His mission was set – curb the drop-out rates, and attract kids towards rounded doors of a classroom. Initially, he started working with 8 kids. He put up a projector, invited his friends, and started showcasing short animated films and games. This established a newfound interest in the children and a good connection. The number of children has increased to 32 today and are educated per the Directorate of Education syllabus in his school.

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Simultaneously, he also filed an RTI to know the reasons for dropouts in his area. It exposed that 6th, 7th, 8th, and 9th standard are the ones that see a higher dropout, primarily because of a tepid initiative from the family and a repressed financial situation. Even though it is difficult to get the exact data of the dropouts, Aamir is keen to know the dropout reasons with clear data of the students who leave education after the 12th class. Working in this direction, he took the initiative of setting up a library where the students could sit and study peacefully in a conservative area which otherwise is bustling with small-scale factories and shops. “I was aware that no one would pay heed to my idea of coming up with a library in our area, therefore I approached a respectable man who is a doctor in our community to help me figure out a way through this. I met him along with two or three students and told him that we wish to study. He was a bit reluctant initially and told us that he’ll speak to the MLA and the counsellor of the area and see their response and then proceed accordingly. A meeting was called and I put up the proposal of the library which was readily approved. Today in our madrasa itself, we have a small library room.” Aamir elaborates.

Speaking of the challenges that he faced during the course of his work, Aamir says, “I had to manage my studies, classes, college field work alongside all the other activities which I conducted under the fellowship program. It was tough, but we persevered. We have children from class 1 to class 8 and we charge only Rupees 100 per month from the children and invest all the money in the school expenses. For those who cannot afford to pay the fees, we teach them for free and we do not charge anything from half of them. We give away prizes to students who do well so as to encourage them further and everything is managed from the fees we receive. So, finances are a problem. My friends who find my project interesting volunteer to help me out in several ways. It’s tough but it’s my responsibility. I see my own childhood in these children and I have to manage”.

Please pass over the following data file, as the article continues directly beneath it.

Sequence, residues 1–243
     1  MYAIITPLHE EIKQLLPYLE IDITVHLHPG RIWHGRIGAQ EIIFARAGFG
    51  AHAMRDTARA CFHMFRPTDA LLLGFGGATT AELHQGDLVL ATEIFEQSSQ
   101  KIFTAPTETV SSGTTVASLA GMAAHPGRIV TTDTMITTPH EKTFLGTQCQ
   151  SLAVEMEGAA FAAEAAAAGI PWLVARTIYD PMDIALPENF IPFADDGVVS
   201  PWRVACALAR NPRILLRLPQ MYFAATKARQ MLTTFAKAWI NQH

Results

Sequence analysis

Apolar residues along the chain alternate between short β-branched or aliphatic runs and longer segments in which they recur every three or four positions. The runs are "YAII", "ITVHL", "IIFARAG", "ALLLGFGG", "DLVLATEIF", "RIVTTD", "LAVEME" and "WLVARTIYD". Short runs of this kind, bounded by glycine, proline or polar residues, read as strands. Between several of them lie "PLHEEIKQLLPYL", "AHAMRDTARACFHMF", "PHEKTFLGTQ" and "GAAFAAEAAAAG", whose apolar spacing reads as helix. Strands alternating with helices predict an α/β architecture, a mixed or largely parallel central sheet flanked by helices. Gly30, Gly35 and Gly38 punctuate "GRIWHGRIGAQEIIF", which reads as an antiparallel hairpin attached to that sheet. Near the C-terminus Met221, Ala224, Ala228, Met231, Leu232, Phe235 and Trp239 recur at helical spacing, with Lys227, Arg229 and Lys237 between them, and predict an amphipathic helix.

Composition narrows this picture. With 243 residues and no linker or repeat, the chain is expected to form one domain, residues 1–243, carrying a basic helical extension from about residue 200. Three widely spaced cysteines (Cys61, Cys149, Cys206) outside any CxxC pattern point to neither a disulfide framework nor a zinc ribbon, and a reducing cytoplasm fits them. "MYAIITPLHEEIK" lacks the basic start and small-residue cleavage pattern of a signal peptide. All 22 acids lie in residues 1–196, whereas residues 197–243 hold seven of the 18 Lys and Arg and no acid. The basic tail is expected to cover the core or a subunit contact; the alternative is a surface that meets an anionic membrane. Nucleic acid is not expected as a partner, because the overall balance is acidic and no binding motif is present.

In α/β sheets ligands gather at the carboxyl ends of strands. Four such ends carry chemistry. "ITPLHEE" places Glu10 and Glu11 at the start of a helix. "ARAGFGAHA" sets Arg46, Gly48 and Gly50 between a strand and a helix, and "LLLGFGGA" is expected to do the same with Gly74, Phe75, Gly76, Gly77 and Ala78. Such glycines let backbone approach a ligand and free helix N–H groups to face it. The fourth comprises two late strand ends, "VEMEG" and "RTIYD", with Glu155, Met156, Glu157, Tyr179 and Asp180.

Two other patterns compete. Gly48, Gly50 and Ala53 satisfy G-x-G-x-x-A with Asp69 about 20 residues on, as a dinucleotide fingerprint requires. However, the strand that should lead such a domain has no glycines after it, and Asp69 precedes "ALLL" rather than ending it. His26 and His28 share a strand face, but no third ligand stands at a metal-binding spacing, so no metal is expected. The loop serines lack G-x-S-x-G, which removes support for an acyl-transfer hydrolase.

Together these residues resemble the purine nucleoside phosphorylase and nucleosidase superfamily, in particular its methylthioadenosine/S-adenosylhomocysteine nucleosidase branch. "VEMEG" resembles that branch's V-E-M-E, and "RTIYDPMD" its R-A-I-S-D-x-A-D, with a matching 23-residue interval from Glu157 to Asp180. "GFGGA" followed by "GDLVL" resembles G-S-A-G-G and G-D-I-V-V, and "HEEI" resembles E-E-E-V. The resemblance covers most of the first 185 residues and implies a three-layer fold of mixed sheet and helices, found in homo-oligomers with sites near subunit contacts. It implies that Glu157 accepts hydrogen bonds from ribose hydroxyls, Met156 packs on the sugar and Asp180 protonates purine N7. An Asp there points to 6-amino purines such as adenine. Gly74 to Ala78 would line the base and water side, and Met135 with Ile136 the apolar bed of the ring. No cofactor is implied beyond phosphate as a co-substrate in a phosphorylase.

“I shall complete my SMILE Fellowship in January 2019. The best part of the fellowship is that I have learned to see eye to eye, empathetically, with every child that I come across. My presentation skills have largely increased and my confidence is boosted as I am on par with all my fellow classmates in terms of education. I further plan to take up Masters in Social Work as I am delightful to be in this field. This is my passion.” Aamir says while sharing his unforgettable experience about the SMILE Internship program.

The Pravah SMILE Fellowship is a 6 months programme where aspiring youth leaders are supported to develop, design and implement impactful action projects in their community on pressing social issues- through design and facilitation tools, mentoring seed funding; across Delhi. To apply to the fellowship please write to youthintervention@pravah.org